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Avian influenza control zone set up in Ontario

By Aidan Fortune , 13-Jul-2016

Ontario, Canada, has been hit with bird flu before when the H5N2 strain struck in April 2015
Ontario, Canada, has been hit with bird flu before when the H5N2 strain struck in April 2015

The Canadian Food Inspection Agency (CFIA) has established an Avian Influenza Control Zone in Ontario to control the movement of animals, products and equipment to minimise spread of the disease.

The boundary of the Avian Influenza Control Zone covers a 3km radius from the single premises confirmed to be infected with avian influenza earlier this month, located near St Catharines, Ontario.

All premises located within this zone will be placed under quarantine despite only the initial infected premises being confirmed positive for avian influenza. The CFIA is monitoring all premises within the control zone for any signs of disease.

Canada has been considered free of Avian Notifiable Disease since October 2015. However, Ontario has been impacted by avian influenza before, with three commercial premises in the province testing positive for H5N2 HPAI in April 2015.

No food safety risk

According to the disease report, this latest outbreak is a LPAI virus with H5 sequence closely related to the North American wild bird origin H5 LPAI viruses, suggesting this outbreak may simply be incursion from local wild waterfowl or indirect transmission via contaminated equipment, water, feed or bedding of the North American LPAI strain.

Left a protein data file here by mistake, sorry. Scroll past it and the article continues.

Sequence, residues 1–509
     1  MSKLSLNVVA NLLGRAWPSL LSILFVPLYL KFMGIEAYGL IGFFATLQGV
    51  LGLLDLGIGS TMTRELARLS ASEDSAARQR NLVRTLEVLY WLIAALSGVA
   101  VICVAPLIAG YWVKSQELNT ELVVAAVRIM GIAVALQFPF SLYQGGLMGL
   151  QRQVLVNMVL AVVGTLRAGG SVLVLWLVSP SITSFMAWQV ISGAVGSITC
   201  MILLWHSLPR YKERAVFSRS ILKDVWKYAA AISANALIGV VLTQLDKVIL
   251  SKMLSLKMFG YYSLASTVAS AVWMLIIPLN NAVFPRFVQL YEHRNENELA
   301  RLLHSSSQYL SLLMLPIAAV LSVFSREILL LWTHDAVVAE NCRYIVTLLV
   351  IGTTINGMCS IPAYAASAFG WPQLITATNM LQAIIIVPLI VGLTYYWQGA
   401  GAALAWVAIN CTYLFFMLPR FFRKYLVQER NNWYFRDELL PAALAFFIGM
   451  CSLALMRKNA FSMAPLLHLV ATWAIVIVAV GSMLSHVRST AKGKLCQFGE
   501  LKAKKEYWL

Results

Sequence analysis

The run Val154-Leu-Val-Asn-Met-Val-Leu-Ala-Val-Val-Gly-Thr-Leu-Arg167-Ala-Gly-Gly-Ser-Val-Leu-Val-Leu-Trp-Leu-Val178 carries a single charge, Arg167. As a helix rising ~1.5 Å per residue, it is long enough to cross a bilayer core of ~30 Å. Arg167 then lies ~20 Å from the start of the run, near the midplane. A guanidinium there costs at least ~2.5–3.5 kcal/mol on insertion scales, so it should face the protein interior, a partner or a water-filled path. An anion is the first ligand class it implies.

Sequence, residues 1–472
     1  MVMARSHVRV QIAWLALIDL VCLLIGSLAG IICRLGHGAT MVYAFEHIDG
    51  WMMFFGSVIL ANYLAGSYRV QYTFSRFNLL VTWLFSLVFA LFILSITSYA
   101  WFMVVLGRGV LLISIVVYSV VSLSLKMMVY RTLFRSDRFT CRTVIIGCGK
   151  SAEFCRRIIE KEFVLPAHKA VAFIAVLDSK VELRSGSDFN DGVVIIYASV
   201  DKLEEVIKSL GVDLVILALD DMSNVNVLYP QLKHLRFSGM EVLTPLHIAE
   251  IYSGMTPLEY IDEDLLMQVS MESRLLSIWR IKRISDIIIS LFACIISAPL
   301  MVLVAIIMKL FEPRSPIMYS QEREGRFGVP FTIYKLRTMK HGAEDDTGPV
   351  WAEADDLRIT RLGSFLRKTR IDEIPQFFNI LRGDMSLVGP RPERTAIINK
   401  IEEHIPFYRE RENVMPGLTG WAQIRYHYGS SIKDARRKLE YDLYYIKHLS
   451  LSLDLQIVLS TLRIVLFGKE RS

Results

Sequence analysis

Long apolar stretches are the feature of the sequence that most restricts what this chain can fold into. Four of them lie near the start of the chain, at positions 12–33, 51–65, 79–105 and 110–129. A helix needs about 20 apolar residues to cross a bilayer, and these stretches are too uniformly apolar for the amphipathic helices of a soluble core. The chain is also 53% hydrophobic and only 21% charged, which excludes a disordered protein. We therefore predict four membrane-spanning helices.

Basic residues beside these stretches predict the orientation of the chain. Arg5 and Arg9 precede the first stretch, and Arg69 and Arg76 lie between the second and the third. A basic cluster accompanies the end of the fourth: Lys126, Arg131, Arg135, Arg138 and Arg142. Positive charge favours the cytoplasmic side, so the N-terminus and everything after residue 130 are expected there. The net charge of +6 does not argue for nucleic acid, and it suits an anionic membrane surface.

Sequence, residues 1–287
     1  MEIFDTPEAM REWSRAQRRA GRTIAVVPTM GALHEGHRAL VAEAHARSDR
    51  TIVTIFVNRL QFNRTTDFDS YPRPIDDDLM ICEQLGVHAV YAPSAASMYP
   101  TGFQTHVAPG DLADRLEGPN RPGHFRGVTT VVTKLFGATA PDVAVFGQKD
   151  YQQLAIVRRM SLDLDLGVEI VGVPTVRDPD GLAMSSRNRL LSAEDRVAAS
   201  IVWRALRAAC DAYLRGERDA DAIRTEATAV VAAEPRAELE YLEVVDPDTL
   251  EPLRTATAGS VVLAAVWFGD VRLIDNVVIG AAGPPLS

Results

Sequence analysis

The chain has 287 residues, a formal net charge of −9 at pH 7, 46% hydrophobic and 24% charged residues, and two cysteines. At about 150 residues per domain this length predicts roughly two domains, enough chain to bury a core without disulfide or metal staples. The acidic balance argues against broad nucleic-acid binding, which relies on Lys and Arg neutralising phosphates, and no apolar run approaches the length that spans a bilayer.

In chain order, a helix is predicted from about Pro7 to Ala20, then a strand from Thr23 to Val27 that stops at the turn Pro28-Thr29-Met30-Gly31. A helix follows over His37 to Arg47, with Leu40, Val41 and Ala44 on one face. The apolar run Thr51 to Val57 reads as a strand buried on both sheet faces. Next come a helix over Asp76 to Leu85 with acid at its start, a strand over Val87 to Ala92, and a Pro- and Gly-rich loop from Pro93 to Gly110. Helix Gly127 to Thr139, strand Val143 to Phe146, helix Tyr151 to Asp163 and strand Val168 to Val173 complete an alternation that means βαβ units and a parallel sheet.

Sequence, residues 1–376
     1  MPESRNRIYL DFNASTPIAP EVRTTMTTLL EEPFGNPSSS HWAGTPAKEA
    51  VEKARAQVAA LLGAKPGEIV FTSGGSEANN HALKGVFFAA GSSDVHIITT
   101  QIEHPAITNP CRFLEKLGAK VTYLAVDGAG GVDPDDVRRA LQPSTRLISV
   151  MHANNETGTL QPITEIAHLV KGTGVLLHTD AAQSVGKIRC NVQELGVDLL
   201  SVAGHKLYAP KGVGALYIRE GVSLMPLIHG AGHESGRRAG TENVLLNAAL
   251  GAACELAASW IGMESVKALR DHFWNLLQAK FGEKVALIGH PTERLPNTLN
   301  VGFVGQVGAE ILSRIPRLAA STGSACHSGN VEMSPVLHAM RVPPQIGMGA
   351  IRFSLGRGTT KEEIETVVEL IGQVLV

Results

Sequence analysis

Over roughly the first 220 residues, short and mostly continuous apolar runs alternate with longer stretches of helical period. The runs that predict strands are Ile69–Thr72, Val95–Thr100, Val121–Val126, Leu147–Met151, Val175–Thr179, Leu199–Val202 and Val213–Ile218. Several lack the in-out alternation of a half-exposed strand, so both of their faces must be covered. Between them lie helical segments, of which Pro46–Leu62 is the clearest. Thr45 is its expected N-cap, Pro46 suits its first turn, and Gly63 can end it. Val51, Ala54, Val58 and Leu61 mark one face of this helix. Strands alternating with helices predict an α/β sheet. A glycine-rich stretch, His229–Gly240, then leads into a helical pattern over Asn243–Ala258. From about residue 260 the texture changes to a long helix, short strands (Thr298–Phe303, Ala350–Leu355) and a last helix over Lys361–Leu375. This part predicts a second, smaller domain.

The CFIA added that the measures were standard for the situation. “The Avian Influenza Control Zone is part of an internationally accepted practice to allow trade to continue from non-infected areas of a country. We continue to work very closely with industry and our international partners as this situation develops.

Avian influenza does not pose a risk to food safety when poultry and poultry products are properly handled and cooked. Avian influenza rarely affects humans that do not have consistent contact with infected birds.

Poultry farmers are reminded to practise a high level of biosecurity to reduce the risk of disease spread, and report any suspicious symptoms in their flocks to the CFIA.

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